Oct. 2, 2012 Plants' ability to absorb increased levels of carbon dioxide in the air may have been overestimated, a new University of Minnesota study shows.
The study, published this week in the journal Nature Climate Change, shows that even though plants absorb large amounts of carbon dioxide and actually can benefit from higher levels of it, they may not get enough of the nutrients they need from typical soils to absorb as much CO2 as scientists had previously estimated. Carbon dioxide absorption is an important factor in mitigating fossil-fuel emissions.
The study, one of only three such long-term experiments in the world, is based on 13 years of research at the Cedar Creek Ecosystem Science Reserve north of the Twin Cities. U of M scientists Peter Reich and Sarah Hobbie monitored nearly 300 open-air plots planted with perennial grasses with varying levels of atmospheric carbon dioxide and soil nitrogen.
"Rather than building a time machine and comparing how ecosystems behave in 2070 -- which is hard to do -- we basically create the atmosphere of 2070 above our plots," Reich says.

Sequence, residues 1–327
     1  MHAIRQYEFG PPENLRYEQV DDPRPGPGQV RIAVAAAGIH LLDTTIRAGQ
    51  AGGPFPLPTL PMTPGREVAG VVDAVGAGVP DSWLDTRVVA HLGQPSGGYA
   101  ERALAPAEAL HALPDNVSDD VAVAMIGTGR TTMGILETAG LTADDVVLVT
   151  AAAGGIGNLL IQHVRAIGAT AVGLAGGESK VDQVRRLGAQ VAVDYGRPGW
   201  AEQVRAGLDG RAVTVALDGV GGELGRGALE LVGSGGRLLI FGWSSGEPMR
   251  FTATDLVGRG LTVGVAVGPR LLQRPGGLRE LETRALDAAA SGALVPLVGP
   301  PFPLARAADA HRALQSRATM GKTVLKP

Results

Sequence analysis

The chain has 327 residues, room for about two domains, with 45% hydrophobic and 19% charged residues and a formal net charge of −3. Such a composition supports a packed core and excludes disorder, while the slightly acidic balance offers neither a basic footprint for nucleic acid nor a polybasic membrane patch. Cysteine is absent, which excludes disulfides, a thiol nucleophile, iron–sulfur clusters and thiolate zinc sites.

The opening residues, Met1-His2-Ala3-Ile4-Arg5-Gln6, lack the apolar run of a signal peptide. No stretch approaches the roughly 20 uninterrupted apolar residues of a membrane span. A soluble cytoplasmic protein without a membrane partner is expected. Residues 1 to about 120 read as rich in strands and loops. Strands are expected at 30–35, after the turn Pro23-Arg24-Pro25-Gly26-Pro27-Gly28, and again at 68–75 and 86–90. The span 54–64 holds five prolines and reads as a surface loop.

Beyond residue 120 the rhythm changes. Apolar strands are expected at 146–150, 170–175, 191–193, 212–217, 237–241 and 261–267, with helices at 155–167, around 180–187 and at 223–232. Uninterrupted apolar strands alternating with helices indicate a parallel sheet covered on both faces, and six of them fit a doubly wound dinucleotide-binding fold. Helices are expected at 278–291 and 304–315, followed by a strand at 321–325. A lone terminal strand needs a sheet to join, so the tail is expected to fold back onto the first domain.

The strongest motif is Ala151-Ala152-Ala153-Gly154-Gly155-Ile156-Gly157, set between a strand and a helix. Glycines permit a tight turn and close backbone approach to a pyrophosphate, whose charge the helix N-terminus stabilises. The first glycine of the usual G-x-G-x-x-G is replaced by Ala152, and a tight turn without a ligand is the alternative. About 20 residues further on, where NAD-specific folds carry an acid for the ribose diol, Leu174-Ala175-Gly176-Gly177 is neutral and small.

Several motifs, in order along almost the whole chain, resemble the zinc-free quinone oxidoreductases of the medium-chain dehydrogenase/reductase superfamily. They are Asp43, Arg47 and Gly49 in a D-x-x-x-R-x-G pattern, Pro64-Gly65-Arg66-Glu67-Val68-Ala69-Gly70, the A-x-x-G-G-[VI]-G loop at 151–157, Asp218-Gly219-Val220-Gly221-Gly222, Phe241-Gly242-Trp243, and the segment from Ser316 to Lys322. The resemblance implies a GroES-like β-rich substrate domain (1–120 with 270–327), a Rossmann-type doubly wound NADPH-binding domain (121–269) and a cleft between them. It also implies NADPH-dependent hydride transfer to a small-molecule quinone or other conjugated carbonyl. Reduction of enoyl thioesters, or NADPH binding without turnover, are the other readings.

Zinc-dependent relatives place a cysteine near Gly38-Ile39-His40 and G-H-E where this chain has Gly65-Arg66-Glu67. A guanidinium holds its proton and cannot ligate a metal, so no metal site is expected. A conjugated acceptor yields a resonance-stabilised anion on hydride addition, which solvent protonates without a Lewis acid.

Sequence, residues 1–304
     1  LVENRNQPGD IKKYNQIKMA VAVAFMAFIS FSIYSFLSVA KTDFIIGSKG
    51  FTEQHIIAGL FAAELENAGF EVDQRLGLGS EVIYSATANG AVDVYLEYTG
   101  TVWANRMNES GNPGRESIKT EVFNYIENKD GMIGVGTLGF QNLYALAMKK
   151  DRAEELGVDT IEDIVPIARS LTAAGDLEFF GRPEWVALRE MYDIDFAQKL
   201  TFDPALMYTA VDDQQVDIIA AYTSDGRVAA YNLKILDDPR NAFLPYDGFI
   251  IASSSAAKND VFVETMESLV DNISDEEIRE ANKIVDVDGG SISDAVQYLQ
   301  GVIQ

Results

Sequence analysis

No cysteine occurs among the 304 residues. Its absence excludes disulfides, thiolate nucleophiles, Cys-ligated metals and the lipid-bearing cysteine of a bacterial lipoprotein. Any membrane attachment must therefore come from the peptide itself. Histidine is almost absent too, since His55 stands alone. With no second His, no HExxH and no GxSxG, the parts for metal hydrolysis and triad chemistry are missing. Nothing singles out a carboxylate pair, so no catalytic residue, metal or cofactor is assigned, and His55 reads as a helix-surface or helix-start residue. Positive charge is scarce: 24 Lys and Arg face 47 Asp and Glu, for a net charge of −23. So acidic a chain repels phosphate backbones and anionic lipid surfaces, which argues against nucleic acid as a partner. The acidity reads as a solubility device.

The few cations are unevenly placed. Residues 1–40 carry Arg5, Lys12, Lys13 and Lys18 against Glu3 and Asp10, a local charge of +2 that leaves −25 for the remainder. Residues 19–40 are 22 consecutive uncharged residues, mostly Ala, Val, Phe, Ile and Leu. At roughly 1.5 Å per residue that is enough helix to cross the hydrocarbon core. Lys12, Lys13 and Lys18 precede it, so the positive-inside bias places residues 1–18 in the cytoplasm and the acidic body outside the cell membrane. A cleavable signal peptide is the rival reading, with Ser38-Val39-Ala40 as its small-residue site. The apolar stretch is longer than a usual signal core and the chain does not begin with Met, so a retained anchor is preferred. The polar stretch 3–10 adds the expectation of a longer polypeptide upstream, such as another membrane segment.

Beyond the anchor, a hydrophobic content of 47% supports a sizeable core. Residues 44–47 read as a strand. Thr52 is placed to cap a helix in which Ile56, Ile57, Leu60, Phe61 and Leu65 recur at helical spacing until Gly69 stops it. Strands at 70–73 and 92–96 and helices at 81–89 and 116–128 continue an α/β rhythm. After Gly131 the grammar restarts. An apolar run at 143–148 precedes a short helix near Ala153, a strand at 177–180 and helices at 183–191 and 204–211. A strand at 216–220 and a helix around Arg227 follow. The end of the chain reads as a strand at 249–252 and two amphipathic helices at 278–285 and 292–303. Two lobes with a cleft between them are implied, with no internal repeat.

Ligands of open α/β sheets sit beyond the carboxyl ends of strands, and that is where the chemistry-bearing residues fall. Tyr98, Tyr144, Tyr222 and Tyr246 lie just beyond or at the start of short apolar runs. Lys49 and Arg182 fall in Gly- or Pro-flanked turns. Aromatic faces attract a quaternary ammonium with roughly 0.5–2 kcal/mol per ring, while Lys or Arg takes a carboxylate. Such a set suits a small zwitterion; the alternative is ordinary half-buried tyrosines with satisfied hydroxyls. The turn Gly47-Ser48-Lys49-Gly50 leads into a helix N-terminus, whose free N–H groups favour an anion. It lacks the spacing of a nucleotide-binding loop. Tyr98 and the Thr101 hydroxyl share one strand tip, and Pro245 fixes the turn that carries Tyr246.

The results suggest that limited levels of fertility typical in most soils likely eliminate a large fraction of the capacity of plants to scrub CO2 out of the atmosphere, Reich says. "It would be better if there were experiments like ours in tropical rain forest, temperate forest, and tundra, to see how well responses there match with what we have found. But as such experiments do not exist, our results play an important role in addressing this issue for ecosystems everywhere."
Reich is a Regents professor in the forest resources department of the university's College of Food, Agricultural and Natural Resource Sciences and Hobbie is a professor in the ecology, evolution and behavior department in the College of Biological Sciences. Both are fellows of the university's Institute on the Environment.
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- Peter B. Reich, Sarah E. Hobbie. Decade-long soil nitrogen constraint on the CO2 fertilization of plant biomass. Nature Climate Change, 2012; DOI: 10.1038/nclimate1694
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